a. On the Government-to-Government (G2G) front, Singapore now has the Networked Trade Platform (NTP), which allows us to link up with our trade partners’ systems to exchange data directly. You can imagine this became very helpful during the pandemic. Through the NTP, trade documents such as preferential certificates of origin issued by Singapore Customs can be sent directly to our counterparts for overseas customs. These preferential certificates of origin enable Singapore exporters to pay lower tariffs under our FTAs at the importing country. This helps traders reduce the lag from documentation delays. If you think about it, it also mitigates risks and provides greater certainty for their trade transactions. This, in turn, allows them to manage their operations with higher accuracy, and be able to assure their customers of timely arrival.
b. On the Business-to-Business (B2B) front, the Singapore government has been working closely together with the private sector to facilitate trade between businesses. One of the recent initiatives is the Singapore Trade Data Exchange (SGTraDex). Some of you, as you were interacting at the foyer, may have seen the booth. If not, please check it out. The SGTraDex is a common data infrastructure for the supply chain ecosystem. In a secure environment, stakeholders can easily ‘plug and play’ to exchange data and information with other companies and parties along the supply chain. We aim to onboard more stakeholders on SGTraDex, especially smaller firms, to be part of this digital journey. And you think about it, with today’s supply chain delays and disruption, this will go some way to help strengthen trade facilitation, especially for SMEs.
Strengthening International Collaboration on Digital Trade Facilitation
7. Singapore’s efforts in digital trade facilitation go beyond our city-state. We are constantly looking for ways to strengthen our international collaboration on digital trade facilitation. This will benefit more businesses, more consumers, and stakeholders across many borders. We hope to tap on our various networks to collectively raise the standards and advantages of digital trade facilitation.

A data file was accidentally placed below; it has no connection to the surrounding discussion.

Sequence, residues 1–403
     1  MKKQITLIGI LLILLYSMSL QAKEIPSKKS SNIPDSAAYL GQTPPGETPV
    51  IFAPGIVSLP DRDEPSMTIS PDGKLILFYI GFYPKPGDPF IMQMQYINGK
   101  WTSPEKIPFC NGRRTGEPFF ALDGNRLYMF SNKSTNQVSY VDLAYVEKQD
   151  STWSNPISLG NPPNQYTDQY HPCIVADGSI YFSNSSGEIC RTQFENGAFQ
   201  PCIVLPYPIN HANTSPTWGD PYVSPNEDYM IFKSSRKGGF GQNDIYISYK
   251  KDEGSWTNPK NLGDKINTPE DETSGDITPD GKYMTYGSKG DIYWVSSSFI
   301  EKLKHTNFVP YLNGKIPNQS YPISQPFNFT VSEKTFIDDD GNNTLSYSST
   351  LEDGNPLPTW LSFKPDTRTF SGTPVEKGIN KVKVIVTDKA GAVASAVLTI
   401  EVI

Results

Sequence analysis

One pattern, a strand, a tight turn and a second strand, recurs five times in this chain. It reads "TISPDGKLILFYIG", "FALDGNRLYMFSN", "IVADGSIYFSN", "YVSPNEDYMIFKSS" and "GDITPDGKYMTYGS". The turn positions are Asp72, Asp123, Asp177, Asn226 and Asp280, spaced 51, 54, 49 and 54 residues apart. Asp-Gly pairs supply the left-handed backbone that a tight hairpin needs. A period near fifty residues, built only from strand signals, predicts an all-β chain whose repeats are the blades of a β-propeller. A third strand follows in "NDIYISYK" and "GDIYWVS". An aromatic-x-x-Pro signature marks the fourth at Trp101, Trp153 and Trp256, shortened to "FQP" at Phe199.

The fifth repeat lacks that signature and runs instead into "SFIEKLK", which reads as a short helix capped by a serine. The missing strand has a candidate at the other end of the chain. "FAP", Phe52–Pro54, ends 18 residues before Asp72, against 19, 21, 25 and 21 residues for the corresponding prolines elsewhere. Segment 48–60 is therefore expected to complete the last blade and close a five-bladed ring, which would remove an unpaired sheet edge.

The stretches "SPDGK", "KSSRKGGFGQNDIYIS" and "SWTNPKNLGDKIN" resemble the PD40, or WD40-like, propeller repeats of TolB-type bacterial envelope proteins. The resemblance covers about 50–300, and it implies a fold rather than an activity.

8. An example is the ASEAN Single Window. The ASEAN Single Window is a regional initiative that connects and integrates the National Single Window of ASEAN Member States by enabling the electronic exchange of cross-border trade-related documents. The ASEAN Single Window has been operational in all ten ASEAN Member States since 2019, three years ago. Apart from exchanging documents for claiming preferential tariffs under the ASEAN Trade in Goods Agreement (ATIGA) or the ATIGA e-Form D, our ASEAN Member States have started work on the exchange of more electronic documents for the longer term. ASEAN is also exploring exchanging trade documents with our Dialogue Partners such as Australia, China, Japan, Korea, New Zealand and the United States. Through the ASEAN Single Window, businesses can save time and costs via simplified and expedited customs clearance. This not only improves the flow of goods but also helps companies to lower administrative and time-to-market costs for businesses.
9. Singapore continues to work closely with like-minded partners to forge Digital Economy Agreements (DEAs). This morning, I had a very good discussion with Mr. Albert Park on this as well. This enables open and trusted use of data as well as provide greater confidence in digital systems. This is achieved through an alignment of rules, standards and policies so that companies can engage seamlessly in cross-border digital trade without onerous compliance costs. The DEAs also seek to facilitate the exchange of electronic trade documents at the border by connecting National Single Windows and enabling data exchange between countries. Happy to share with you that to-date, we have concluded DEAs with Australia, Chile, South Korea, New Zealand, and the United Kingdom.
10. Ladies and gentlemen, in closing, I would like to congratulate ESCAP and ADB on the 10th anniversary of the APTFF. And again, I want to thank the leadership of ADB and ESCAP for choosing Singapore as the host for this significant milestone event. Over the next few days, as participants attend the webinars in person and on Zoom, as you exchange insights and share best practices throughout the week, I trust you will be inspired with fresh ideas to expand and deepen digital trade facilitation. Together, we can forge new frontiers, and create a better trading environment that benefits many countries, and the companies in the countries, whether big or small, and the people in participating countries.
11. I wish everyone a fruitful time ahead. Thank you.
 https://www.unescap/org/kp/2021/untf-survey-2021-regional - Digital and Sustainable Trade Facilitation in Asia and the Pacific 2021 –